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Compassion from a competitor can transcend a small town, a state, even a nation. Amed Castro-Chavez proved that this past winter to his rivals in mourning. Spencer High and its wrestling team in northwestern Iowa were grief-stricken following the sudden death of Austin Roberts. The senior wrestler collapsed during a match in December and died because of what was later discovered to be a congenital heart defect. Roberts was ranked sixth in Class 3A and had won 14 matches in a row, including one over Castro-Chavez of Estherville-Lincoln Central. The schools had a dual meet scheduled just two weeks after Roberts’ death, Spencer’s first match following the tragedy.

“I knew it would be a night to take the time to remember Austin and have a moment of silence and try to cheer everybody up and make things normal again,” Castro-Chavez said. In attendance among the Spencer contingent were Austin’s mom, Lori, his grandparents and family. “She needed to be there for the team, just like we needed to be there for her,” Spencer coach Adam Gress said.

Normally, when a team doesn’t have a wrestler in a weight class, the opponent walks to the center of the mat, where the referee raises his arm to accept a forfeit. But taking a victory because of a tragedy seemed wrong to Castro-Chavez and his coach, Dan Hewitt. So, the two discussed options before Castro-Chavez took the mat. “Once my coach talked to me, I knew exactly what to do,” Castro-Chavez said. “I wanted to reach out to Austin’s family.” So, instead of accepting the forfeit, Castro-Chavez forfeited himself. He then walked over to Lori, hugged her, and told her that he wished he could wrestle Austin again. He shook the hand of Austin’s grandfather. Hewitt followed, shaking hands with members of the Roberts family.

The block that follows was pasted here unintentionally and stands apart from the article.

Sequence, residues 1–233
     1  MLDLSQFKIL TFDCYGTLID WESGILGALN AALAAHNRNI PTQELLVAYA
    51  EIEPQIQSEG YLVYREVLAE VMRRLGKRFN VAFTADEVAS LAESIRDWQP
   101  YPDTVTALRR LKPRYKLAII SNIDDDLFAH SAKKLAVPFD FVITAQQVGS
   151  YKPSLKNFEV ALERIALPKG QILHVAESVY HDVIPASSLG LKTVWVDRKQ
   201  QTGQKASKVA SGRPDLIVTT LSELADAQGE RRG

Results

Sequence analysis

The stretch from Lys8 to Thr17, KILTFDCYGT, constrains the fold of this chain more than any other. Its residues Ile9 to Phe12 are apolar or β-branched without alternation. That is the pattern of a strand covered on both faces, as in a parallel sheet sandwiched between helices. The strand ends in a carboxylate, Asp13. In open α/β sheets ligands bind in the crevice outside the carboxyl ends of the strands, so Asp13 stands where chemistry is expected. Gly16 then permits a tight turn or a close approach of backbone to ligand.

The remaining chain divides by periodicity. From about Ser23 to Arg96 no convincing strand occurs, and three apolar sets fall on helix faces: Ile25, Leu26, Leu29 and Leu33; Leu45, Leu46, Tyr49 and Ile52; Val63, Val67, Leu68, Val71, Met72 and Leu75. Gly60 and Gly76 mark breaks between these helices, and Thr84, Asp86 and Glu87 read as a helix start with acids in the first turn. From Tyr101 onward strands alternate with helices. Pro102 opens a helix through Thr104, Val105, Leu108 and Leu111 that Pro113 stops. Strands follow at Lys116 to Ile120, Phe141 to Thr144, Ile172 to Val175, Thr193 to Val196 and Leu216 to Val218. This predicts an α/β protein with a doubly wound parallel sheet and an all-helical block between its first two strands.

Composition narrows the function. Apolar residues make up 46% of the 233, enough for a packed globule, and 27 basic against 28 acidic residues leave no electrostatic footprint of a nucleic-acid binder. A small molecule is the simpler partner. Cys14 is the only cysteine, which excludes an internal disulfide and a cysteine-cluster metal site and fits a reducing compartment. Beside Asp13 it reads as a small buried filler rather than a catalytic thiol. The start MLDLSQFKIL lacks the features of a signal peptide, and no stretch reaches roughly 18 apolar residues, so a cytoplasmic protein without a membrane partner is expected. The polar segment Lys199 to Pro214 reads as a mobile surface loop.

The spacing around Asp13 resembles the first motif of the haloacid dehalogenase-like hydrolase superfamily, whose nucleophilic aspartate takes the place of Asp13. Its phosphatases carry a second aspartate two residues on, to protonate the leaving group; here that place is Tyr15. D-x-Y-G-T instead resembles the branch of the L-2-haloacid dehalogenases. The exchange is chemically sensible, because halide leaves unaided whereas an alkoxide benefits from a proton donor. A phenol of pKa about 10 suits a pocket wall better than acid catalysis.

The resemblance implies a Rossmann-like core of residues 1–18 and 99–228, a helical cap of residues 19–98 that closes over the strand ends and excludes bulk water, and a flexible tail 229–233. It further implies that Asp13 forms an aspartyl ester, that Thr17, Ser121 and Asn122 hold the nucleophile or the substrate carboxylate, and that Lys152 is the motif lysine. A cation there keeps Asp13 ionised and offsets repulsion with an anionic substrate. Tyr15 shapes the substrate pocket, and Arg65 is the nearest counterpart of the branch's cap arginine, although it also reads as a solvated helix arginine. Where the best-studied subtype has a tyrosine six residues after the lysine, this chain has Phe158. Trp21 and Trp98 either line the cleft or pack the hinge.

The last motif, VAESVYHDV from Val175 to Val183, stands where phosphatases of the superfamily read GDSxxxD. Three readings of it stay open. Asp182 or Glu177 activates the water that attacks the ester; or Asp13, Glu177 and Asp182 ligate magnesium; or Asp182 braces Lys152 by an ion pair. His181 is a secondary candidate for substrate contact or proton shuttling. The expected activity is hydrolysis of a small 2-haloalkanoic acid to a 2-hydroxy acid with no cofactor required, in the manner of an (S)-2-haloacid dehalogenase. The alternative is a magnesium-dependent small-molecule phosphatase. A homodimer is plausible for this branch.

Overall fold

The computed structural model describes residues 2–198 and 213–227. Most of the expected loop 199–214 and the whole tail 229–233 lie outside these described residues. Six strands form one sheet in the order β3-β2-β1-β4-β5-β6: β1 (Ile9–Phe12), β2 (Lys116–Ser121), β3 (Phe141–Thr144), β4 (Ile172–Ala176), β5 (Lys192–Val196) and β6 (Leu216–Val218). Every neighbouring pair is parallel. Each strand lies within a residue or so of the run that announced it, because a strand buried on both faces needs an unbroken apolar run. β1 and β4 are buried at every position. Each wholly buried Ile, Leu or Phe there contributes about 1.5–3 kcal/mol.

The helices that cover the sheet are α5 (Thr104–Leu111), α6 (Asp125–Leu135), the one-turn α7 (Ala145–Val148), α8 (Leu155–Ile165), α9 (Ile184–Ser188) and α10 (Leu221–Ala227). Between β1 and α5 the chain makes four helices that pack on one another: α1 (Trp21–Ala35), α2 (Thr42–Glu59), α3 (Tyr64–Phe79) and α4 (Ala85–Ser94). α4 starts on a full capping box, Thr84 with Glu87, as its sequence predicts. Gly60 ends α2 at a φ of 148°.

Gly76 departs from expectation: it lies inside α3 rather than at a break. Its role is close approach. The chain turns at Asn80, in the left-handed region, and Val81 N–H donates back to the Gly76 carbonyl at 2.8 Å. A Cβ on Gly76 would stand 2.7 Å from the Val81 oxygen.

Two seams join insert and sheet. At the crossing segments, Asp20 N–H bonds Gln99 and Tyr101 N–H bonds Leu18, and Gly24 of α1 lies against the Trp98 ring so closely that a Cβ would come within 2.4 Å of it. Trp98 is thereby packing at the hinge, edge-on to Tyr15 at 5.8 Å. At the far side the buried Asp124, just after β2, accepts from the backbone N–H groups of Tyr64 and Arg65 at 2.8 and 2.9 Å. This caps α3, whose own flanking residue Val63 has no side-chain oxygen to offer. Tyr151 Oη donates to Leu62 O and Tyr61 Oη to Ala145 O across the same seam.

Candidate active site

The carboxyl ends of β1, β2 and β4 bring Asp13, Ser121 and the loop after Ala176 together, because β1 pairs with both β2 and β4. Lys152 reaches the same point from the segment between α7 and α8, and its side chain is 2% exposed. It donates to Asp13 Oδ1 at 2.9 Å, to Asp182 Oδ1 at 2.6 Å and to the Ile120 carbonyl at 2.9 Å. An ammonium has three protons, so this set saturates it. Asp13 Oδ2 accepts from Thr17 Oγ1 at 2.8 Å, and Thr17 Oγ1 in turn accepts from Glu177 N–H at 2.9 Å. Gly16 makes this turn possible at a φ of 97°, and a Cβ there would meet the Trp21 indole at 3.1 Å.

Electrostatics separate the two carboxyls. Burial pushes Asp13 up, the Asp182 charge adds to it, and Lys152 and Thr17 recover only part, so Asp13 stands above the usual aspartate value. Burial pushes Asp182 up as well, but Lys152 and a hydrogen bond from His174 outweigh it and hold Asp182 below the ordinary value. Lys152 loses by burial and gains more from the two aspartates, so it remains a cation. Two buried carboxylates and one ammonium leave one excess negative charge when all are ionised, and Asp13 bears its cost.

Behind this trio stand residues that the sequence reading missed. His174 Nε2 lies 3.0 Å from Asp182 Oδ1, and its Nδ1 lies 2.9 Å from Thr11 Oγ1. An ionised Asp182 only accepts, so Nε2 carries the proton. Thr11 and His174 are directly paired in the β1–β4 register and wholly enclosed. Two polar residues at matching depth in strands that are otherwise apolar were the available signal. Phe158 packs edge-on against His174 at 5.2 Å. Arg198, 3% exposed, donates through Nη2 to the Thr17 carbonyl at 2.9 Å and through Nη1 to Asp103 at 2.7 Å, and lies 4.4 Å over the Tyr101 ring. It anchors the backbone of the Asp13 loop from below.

2-amed-castro-chavez_500px“It was a class act of Amed, his family and the Estherville program. It shows how much Austin’s death impacted people outside our wrestling family,” Gress said. “These guys that we were trying to wrestle and ultimately beat up were soft-hearted enough to think of our team and Austin’s family. It was amazing.”

The story quickly spread beyond the towns, about 45 miles apart, throughout the state and nation, much to Castro-Chavez’s surprise. He said he was “blown away” when customers in the grocery store where he worked would thank him, “but it was hard to believe that people all over the country would look up to me and say how much it touched their heart.”

Since then, Castro-Chavez has graduated and was named All-Iowa Athlete of the Year. He is majoring in criminal justice at Iowa Lakes Community College in Estherville, where he’s continuing his wrestling career. People in Spencer, though, will never forget his class in the face of tragedy. “People want these feel-good stories because we hear about so much garbage and here’s this 18-year-old who does what most adults wouldn’t think to do,” Gress said. “It was the silver lining on all of the sadness and showed that there are still so many good people around.”